I should like to apply the word in this way, that every one of us is the creation of God and, because of this, He has the Creator’s claim on each of us. In the creation account in Genesis, mankind is represented as the high point in God’s creation. The early part of Genesis, however, also gives account of the way in which the present circumstances of humanity came about. Early Genesis describes what is spoken of as the fall of mankind and this was not the consequence of any action of God. It was the result of the activity of an intelligent being, who already existed in the universe and was hostile to God. This, of course, is Satan who presented himself to man and beguiled him so that man should listen to him instead of to God and to act according to Satan’s suggestions. Adam had had communication with God; it is His will to communicate with man, as our passage in Jeremiah indicates, but Satan intruded with another communication which raised a question as to the nature of God and Adam chose to listen to Satan. As a result of this we are part of a fallen race, and the whole of creation suffers as a consequence, chap 3.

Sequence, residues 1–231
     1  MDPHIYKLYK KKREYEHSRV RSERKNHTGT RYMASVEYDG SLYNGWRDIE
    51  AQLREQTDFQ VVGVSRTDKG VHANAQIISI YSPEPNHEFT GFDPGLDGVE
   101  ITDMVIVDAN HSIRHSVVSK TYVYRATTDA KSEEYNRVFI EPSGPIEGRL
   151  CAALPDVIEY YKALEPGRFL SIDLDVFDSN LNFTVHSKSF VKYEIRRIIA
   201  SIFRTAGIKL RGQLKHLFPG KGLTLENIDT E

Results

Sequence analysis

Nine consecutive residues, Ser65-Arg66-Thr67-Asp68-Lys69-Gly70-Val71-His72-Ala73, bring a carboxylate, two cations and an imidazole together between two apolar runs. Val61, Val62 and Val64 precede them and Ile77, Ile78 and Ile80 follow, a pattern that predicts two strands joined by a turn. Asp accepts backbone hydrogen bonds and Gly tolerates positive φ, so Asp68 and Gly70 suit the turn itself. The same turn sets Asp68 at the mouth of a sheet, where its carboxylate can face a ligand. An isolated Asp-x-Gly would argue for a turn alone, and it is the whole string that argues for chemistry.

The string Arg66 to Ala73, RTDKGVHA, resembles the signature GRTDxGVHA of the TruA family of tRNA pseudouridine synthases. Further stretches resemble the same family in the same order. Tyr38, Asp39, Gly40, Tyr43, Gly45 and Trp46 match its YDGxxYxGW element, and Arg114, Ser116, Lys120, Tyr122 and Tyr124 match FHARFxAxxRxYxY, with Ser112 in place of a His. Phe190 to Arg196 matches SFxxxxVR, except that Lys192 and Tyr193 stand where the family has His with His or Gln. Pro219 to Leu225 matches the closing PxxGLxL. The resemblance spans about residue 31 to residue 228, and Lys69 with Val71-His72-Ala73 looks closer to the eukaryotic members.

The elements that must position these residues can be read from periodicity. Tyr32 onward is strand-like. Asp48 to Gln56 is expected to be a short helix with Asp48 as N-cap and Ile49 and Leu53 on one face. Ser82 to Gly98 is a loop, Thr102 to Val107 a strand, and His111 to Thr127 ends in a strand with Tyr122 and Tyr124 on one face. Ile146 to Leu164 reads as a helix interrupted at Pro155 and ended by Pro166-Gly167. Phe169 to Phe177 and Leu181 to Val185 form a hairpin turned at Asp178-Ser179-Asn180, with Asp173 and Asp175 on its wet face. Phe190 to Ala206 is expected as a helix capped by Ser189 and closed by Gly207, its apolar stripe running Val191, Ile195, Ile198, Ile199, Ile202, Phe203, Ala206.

We cannot, however, attribute our circumstances simply to the fact that there is no escape from connection with the fall of Adam. We must look within and see that our own condition, our marred condition, is a result of our own failure, and we must do this because we are responsible persons. This is a central part of the word of the glad tidings, that men, women and also children, in increasing degree as they grow older, are responsible. We have an adversary, who exercises evil influence in the world, and, in failed responsibility, we have responded as Adam did to his blandishments, instead of finding a pathway directed by the will of God. I think that this is represented in what Jeremiah sees in the house of the potter. The pot is initially formed perfectly; there is nothing wrong with God’s creation but it has subsequently become marred. How grateful we must be, however, that the Potter does not withdraw His hand when the vessel becomes marred. Sin is attached to every one of us. Adam knew immediately that he had sinned and knew that this made him unsuited to the presence of God. God wished to communicate directly with Adam in His presence and Adam knew that he was unsuited to this. The circumstances of God are divine glory and Paul’s word to the Romans is that “all have sinned, and come short of the glory of God”, Rom 3: 23. However, the potter does not discard the vessel; ”... and he made it again another vessel, as seemed good to the potter to make”. That conveys to me something of the wonderful grace of God that the second vessel is one which can be described as seeming good to the potter to make. God sets requirements and addresses a word to you, to which you have a responsibility to respond but, as doing so, you can come into the sense of favour that is conveyed in the making of another vessel “as seemed good to the potter to make.” This one is not marred; it will go through the processes that are required to turn it into something of permanent pleasure for God, according to His purpose.